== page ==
Our House


It is a theme in many movies spanning many genres, but it seems that a lot of horror films focus on this particular aspect of the human psyche.

Just about everything that occurs in Our House can be traced back to a particular character’s obsession. Ethan’s (Thoman Mann) obsession with his machine. Becca’s (Kate Moyer) obsession with seeing her parents again. Tom’s (Robert B. Kennedy) obsession with seeing his wife again.

The plot of Our House isn’t anything unique or genre-changing, but it is well done and interesting. There is a growing sense of unease and dread throughout the film, and the finale is certainly a disturbing culmination.

I would have to say that all of the actors did a phenomenal job, and their performances are what really make Our House stand out among the sea of other horror movies. Kate Moyer’s performance, in particular, is definitely something to be praised.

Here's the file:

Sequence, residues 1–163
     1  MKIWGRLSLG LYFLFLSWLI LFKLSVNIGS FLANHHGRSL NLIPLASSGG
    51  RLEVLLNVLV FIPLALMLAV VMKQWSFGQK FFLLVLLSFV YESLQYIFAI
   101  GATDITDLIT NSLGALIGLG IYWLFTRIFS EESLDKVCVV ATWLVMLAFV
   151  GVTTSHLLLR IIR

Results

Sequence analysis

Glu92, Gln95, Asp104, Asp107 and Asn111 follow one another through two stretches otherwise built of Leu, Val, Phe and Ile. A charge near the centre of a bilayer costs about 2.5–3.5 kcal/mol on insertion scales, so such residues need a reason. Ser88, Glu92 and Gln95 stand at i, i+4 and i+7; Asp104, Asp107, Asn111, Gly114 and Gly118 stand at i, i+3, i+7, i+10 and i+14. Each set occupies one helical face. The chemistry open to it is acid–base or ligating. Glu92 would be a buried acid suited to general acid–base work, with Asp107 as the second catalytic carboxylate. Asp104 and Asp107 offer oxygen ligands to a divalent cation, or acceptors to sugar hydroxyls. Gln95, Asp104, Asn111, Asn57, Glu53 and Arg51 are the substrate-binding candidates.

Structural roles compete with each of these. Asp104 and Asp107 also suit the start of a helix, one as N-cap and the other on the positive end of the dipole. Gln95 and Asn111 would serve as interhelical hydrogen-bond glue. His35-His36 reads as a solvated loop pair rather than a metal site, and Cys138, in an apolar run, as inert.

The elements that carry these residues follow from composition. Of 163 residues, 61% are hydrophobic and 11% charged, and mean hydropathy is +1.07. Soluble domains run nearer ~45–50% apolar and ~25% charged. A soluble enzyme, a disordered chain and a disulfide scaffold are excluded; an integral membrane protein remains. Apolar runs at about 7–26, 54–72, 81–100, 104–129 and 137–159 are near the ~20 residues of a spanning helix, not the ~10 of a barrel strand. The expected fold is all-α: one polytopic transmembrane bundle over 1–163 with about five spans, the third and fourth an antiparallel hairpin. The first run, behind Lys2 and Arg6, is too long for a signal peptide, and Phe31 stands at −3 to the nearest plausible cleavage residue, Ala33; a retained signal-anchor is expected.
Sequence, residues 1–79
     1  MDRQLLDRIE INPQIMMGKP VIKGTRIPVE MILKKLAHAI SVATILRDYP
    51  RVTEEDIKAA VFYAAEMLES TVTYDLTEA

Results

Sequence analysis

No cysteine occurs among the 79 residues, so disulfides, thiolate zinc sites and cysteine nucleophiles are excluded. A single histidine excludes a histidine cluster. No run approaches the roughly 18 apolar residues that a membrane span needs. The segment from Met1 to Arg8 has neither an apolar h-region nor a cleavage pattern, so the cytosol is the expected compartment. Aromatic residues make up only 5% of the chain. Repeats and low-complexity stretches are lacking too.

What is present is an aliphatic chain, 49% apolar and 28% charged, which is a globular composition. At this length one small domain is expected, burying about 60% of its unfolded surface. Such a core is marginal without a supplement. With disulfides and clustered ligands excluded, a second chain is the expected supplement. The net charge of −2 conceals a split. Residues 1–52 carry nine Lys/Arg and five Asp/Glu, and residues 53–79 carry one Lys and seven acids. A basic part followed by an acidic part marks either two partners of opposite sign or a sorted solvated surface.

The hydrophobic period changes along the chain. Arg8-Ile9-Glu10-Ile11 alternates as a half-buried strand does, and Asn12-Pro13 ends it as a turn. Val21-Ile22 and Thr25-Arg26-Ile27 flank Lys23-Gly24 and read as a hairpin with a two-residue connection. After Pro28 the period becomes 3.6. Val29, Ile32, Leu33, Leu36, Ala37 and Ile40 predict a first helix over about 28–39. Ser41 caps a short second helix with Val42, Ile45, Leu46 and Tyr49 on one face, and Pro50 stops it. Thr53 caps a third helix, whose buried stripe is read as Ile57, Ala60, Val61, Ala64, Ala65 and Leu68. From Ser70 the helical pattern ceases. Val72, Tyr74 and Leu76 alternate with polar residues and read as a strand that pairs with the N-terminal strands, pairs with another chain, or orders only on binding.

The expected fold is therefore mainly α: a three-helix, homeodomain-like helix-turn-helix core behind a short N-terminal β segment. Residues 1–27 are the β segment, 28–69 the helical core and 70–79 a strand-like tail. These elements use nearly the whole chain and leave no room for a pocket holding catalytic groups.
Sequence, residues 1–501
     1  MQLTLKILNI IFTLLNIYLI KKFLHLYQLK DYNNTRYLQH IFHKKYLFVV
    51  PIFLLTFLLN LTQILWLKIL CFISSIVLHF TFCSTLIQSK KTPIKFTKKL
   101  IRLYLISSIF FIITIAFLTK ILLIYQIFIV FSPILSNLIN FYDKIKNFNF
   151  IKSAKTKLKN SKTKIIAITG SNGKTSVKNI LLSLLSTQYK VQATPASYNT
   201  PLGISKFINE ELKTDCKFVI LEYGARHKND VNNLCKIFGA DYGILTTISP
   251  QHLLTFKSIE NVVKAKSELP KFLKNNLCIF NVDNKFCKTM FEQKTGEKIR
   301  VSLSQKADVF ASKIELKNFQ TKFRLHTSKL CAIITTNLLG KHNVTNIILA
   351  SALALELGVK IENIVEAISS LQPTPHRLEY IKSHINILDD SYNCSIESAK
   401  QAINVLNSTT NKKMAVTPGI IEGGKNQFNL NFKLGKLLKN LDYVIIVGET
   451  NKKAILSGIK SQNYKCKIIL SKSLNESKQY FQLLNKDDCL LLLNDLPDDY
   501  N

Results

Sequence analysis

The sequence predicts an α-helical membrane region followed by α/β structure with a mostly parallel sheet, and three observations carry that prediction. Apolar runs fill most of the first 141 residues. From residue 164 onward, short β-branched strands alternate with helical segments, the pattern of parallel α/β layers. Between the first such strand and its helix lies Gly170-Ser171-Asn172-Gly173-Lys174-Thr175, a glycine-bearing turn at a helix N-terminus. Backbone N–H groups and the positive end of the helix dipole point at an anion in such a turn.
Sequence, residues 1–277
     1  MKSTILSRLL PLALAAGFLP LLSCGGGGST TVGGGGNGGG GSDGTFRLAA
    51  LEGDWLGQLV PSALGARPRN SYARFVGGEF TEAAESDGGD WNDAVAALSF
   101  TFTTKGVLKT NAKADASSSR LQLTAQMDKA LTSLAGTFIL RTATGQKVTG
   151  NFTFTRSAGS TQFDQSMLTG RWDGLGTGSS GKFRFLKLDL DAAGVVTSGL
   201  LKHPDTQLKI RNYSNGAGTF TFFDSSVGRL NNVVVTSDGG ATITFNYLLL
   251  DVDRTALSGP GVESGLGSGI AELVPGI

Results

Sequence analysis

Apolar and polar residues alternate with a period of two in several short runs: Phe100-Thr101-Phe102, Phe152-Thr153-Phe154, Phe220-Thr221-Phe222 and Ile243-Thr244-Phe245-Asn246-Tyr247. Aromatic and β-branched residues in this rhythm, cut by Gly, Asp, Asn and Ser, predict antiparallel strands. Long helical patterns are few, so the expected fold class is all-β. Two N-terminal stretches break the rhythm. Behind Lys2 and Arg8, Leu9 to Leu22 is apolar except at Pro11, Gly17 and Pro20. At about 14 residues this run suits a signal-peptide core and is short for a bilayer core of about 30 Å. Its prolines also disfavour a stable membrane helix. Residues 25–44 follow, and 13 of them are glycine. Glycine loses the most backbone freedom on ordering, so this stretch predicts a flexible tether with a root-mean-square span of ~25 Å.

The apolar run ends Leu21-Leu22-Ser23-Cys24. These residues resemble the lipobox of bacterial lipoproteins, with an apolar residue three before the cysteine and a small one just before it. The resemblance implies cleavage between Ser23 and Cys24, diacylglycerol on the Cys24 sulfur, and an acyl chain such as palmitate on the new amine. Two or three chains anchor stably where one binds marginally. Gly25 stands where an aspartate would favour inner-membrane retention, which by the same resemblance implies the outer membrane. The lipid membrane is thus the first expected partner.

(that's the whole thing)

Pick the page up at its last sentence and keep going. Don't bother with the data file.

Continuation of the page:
The cinematography of this film is outstanding. There are many beautiful shots that are juxtaposed by the dark and brooding scenes. Lighting and camera angle play a huge role in the foreboding tone of the movie, while scenic shots establish the context and world in which the story takes place.

Our House’s musical score is also very well done. It ranges from tense, droning tracks to atmospheric 80’s style songs. The music feels appropriate to each scene, and accomplishes the desired effect.

This film reminded me, in a lot of ways, of the 2015 movie It Follows. The time period feels fluid; Ethan’s futuristic machine set against the audio landscape of 80’s style synth, for example. Both movies also smolder with a slow-burn, creeping dread.

If you’re a fan of horror, Our House is not to be missed.

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